Saturday, November 12, 2011

An Afternoon with a Russian Family

A panorama of Orsk from the Television Station hilltop
I was thrilled Saturday to have the opportunity to have dinner with a Russian family in their home.  Nadezhda Tusina, an English Professor whom I work with at the Institute, and her family showed me warm Russian hospitality as they spent the afternoon showing me the sights of Orsk and opening their home to me with a delicious home cooked dinner!

At my request, we stopped for some photos on the bridge over the Ural River which is the border between Asia and Europe.  As strange as it may seem, the Ural was actually frozen over on the Asian side of the river, but there was no ice on the European side - believe it or not!

The next stop was at the oldest church in the city, located on the highest hill, and built on the site of the original fortress which dates back to 1735.  The old part of the Orsk is located on the Asian side of the river.  It wasn't until World War II (The Great Patriotic Was, as they call it) that the European side to the city was built as factories in larger cities, in danger of being bombed by the Nazis, were relocated to this remote location.  Since there was no service going on in the church at the time of our visit, I was able to take photographs.

A view of the newer and more industrial part of the city from the high hill where
the television broadcasting station is located
Andrei in his office 
It was very interesting to visit the business of Andrei, Nadezhda's husband.  He is the owner of an automotive supply store in Orsk which sells tires, rims, automotive parts, and performs automotive services.  Andrei drives a newer Ford that was manufactured in Germany.  He laughed when he found out that the American drives an older (1999) Japanese car!  He gave me an oil additive treatment for my car, Suprotech, which is manufactured in St. Petersburg, Russia, and according to him will keep my car going for another hundred years!  This is a great time of year for his business, as everybody is buying snow tires for the change of seasons.

Mounting customers' snow tires for the upcoming winter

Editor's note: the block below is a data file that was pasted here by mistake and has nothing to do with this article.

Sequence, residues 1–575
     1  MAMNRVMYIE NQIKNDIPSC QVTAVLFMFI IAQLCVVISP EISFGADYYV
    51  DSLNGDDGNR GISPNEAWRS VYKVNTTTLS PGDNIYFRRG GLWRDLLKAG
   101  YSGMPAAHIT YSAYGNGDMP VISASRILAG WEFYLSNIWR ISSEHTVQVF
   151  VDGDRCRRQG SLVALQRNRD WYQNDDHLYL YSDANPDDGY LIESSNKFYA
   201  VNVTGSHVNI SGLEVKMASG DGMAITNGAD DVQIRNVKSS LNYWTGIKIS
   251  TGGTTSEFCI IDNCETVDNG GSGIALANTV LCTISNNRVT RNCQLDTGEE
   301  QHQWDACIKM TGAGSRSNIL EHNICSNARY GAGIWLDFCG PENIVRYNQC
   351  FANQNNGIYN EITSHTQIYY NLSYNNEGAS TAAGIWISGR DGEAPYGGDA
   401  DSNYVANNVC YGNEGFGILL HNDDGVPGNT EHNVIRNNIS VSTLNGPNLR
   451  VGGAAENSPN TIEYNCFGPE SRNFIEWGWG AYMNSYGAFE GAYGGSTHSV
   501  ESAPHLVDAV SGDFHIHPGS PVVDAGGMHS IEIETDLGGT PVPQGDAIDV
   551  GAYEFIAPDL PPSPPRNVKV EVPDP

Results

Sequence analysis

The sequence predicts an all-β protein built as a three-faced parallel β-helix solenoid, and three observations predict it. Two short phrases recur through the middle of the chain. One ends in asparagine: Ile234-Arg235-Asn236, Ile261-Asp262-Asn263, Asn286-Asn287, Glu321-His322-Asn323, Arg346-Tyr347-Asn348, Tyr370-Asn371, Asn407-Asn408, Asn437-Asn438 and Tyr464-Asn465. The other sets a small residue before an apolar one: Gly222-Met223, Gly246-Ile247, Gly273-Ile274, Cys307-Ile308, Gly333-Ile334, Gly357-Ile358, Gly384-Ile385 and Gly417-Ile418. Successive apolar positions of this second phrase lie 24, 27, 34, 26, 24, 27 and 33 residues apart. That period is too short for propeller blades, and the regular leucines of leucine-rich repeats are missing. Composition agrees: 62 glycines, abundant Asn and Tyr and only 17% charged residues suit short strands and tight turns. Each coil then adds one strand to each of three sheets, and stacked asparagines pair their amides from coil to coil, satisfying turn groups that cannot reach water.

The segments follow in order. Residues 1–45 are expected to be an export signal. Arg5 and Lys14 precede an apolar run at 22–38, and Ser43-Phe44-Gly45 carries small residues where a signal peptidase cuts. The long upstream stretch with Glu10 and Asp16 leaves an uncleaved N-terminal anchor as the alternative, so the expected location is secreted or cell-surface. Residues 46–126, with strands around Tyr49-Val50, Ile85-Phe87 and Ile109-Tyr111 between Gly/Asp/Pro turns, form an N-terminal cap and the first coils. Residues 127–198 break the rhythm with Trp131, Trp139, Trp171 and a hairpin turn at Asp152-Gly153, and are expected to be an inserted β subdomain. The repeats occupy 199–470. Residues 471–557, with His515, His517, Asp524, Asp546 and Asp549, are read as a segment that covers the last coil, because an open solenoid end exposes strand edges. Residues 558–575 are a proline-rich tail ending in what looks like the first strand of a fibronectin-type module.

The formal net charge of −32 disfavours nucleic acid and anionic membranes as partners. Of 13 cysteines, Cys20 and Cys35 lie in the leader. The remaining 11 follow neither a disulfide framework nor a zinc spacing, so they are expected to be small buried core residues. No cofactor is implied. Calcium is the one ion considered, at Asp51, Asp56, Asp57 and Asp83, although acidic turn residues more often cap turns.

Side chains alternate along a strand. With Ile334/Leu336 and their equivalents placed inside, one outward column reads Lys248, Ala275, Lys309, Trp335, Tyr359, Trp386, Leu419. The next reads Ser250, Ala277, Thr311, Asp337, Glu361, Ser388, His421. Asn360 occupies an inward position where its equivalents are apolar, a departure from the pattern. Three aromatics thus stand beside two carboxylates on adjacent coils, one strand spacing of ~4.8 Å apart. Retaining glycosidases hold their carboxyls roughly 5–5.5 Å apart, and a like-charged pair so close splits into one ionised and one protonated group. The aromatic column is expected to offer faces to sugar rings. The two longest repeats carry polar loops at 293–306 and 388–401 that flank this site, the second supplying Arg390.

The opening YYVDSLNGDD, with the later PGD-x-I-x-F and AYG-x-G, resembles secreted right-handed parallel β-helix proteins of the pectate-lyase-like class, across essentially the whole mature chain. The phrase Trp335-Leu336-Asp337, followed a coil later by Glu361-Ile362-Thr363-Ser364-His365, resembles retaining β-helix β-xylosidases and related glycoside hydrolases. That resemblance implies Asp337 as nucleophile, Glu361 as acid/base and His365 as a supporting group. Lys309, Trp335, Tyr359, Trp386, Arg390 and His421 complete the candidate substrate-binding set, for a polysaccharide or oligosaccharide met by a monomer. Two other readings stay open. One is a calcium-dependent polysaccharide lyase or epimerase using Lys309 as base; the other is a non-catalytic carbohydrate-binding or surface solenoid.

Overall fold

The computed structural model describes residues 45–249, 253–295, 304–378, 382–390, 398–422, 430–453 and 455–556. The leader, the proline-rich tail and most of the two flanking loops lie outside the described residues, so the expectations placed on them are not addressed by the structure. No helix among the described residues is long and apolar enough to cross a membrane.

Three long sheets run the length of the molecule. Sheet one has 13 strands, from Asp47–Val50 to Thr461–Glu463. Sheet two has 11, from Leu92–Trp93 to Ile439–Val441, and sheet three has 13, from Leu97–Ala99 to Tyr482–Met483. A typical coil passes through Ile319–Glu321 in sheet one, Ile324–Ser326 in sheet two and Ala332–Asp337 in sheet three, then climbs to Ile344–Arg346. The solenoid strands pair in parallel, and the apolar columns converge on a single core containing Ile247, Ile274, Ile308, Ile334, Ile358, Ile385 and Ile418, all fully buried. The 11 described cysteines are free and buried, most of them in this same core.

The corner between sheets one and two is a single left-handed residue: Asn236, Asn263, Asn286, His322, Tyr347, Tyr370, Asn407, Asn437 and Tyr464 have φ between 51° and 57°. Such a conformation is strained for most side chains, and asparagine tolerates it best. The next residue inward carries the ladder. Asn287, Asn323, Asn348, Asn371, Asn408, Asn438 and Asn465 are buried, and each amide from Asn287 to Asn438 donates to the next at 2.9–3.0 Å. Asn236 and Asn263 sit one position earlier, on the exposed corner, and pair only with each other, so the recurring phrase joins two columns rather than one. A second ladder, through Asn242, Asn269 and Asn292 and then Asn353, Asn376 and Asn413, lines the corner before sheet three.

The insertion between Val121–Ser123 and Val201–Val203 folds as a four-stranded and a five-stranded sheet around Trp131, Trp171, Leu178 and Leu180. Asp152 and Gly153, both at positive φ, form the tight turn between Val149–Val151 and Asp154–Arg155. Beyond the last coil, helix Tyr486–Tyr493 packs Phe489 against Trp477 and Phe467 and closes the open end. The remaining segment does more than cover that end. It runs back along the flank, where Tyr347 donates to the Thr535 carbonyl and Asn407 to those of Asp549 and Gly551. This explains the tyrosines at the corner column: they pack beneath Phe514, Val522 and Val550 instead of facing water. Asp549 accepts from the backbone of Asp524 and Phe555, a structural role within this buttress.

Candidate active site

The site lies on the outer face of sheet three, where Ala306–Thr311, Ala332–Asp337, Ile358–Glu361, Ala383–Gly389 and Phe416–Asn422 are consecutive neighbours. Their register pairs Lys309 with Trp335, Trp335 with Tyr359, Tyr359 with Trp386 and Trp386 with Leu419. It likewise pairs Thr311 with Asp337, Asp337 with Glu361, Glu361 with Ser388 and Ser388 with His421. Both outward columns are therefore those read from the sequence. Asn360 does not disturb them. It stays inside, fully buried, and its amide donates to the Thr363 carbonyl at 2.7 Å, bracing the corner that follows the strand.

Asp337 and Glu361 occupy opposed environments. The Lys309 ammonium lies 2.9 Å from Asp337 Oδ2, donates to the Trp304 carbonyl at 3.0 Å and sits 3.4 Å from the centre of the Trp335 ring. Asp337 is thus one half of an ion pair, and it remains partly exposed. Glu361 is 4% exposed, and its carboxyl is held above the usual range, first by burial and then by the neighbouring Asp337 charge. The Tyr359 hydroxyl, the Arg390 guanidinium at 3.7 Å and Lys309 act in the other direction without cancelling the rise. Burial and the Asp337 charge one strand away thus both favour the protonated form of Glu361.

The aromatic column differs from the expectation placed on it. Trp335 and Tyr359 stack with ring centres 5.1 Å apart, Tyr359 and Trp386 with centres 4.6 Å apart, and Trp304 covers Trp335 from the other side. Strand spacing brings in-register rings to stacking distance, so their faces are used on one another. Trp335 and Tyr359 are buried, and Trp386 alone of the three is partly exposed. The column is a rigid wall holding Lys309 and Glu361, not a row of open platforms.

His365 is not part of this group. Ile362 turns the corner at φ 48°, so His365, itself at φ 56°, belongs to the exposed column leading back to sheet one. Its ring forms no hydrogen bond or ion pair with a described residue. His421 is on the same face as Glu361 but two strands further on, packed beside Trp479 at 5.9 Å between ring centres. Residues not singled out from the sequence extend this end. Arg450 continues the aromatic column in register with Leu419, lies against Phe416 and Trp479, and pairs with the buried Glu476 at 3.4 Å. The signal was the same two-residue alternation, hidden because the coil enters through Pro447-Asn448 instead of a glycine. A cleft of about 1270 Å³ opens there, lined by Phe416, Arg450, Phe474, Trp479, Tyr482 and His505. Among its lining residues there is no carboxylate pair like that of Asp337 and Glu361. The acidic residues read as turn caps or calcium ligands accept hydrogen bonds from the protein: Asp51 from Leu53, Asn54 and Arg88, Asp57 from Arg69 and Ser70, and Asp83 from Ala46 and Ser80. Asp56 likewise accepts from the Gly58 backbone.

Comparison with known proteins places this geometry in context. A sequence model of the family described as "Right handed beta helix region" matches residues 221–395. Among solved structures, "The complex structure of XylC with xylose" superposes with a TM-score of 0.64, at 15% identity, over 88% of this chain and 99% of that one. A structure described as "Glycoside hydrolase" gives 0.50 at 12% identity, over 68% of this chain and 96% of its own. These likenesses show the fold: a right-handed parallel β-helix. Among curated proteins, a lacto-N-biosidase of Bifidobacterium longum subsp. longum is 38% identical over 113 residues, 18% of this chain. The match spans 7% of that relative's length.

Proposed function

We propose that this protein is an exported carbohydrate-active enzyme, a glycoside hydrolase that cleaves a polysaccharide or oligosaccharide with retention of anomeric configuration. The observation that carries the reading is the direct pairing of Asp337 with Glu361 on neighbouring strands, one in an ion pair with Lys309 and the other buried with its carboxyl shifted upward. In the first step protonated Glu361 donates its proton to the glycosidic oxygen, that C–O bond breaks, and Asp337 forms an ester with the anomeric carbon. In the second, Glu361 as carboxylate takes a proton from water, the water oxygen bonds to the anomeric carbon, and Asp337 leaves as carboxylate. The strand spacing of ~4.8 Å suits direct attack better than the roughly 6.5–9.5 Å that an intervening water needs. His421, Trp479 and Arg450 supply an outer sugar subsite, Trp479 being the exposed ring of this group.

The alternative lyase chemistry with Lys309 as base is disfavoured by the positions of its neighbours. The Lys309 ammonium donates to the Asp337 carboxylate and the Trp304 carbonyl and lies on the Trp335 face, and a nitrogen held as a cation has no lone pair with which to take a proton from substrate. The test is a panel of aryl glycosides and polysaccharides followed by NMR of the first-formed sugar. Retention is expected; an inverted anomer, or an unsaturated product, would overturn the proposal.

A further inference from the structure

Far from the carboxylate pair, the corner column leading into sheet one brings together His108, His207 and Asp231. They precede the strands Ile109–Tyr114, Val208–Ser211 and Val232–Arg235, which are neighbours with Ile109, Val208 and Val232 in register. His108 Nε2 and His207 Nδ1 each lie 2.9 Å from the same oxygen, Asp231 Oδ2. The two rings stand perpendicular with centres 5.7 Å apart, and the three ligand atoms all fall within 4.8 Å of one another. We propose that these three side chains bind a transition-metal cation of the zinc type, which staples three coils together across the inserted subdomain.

There is just a whisp of snow on the ground now, but everybody is taking this as a sign to get ready
for the coming winter weather.

The snow tires have little studs that look like rivets to give better traction on winter roads.

Our next stop was at the community bath house/sauna, closed on Saturdays, but the Babushka was there selling "vyenik", bundles of birch and oak twigs.  A bather in the sauna dips them in boiling water for 10 seconds and then slaps his/her bare skin with them in the sauna.  There are different types of bundles, some with dried blossoms and some without.  Each type gives a different fragrance.  The oak bundles have coarser leaves and offer a more stimulating experience than the birch.  While she initially protested that she did not want her photo taken, Nadezhda told me that she would be bragging to her friends about her "American experience" for weeks to come!  Click on the link below to hear an audio program about Russian bath house culture and history.

By this time, we were all ready for dinner, so we went to the family's apartment to spend the rest of the afternoon.  They have a beautiful, spacious apartment which is modern and very comfortable.  The large kitchen has a stainless steel refrigerator and up to date appliances.  Nadezhda is a fantastic cook and set a table fit for a king!  She made four different salads, and for the main course, home made pelmeni, a Russian dumpling that is stuffed with three kinds of meat.  It was delicious!

Daughter "Marcia" also speaks beautiful English and recently competed in an English poetry contest in school.  I coached her for an hour one afternoon before the competition.  She feels like she performed well, and is eager to get the results of the contest at school tomorrow.  Their son, Vova (the nickname for Vladimir), is also learning English and eventually got up the courage to try it out with me by asking, "What city are you from?"  As you can see here, you don't really need snow or ice to be ready for a hockey game!  The family has invited me to go to a hockey game with them in early December.  I gladly accepted!

Saturday, November 5, 2011

Russian Weddings

Saturdays are the most popular day of the week for weddings in Russia, so I decided to take my camera with me on my walk to the gym, and sure enough, I got lucky!  These newlyweds were observing some Russian wedding traditions.  After the civil ceremony, the bride and groom take a tour of the city which lasts several hours.  They visit the historic landmarks of the city and stop at important monuments to take photos.  The groom is supposed to carry the bride over seven bridges in the city, and they are to place a padlock on one of them and throw the key in the river.  This ensures that the couple will have many happy, and harmonious years of wedded bliss together! 

Carrying the bride across a bridge

A popular bridge with newlyweds!

Flowers at the World War II memorial left by the brides and grooms.

Sunday, October 30, 2011

I Went to Church Today

This neighborhood church is alive and well.  It has Sunday services at 7:00am and 9:00am.  I went to the 9:00 service, and it was full.  While at least half of the worshipers were over 50 years old and the majority were women, there were men and women of all ages at the service, from babies to pensioners.  Of course, I didn't understand the content of the service, but I did enjoy taking in the experience and making some observations about what I saw.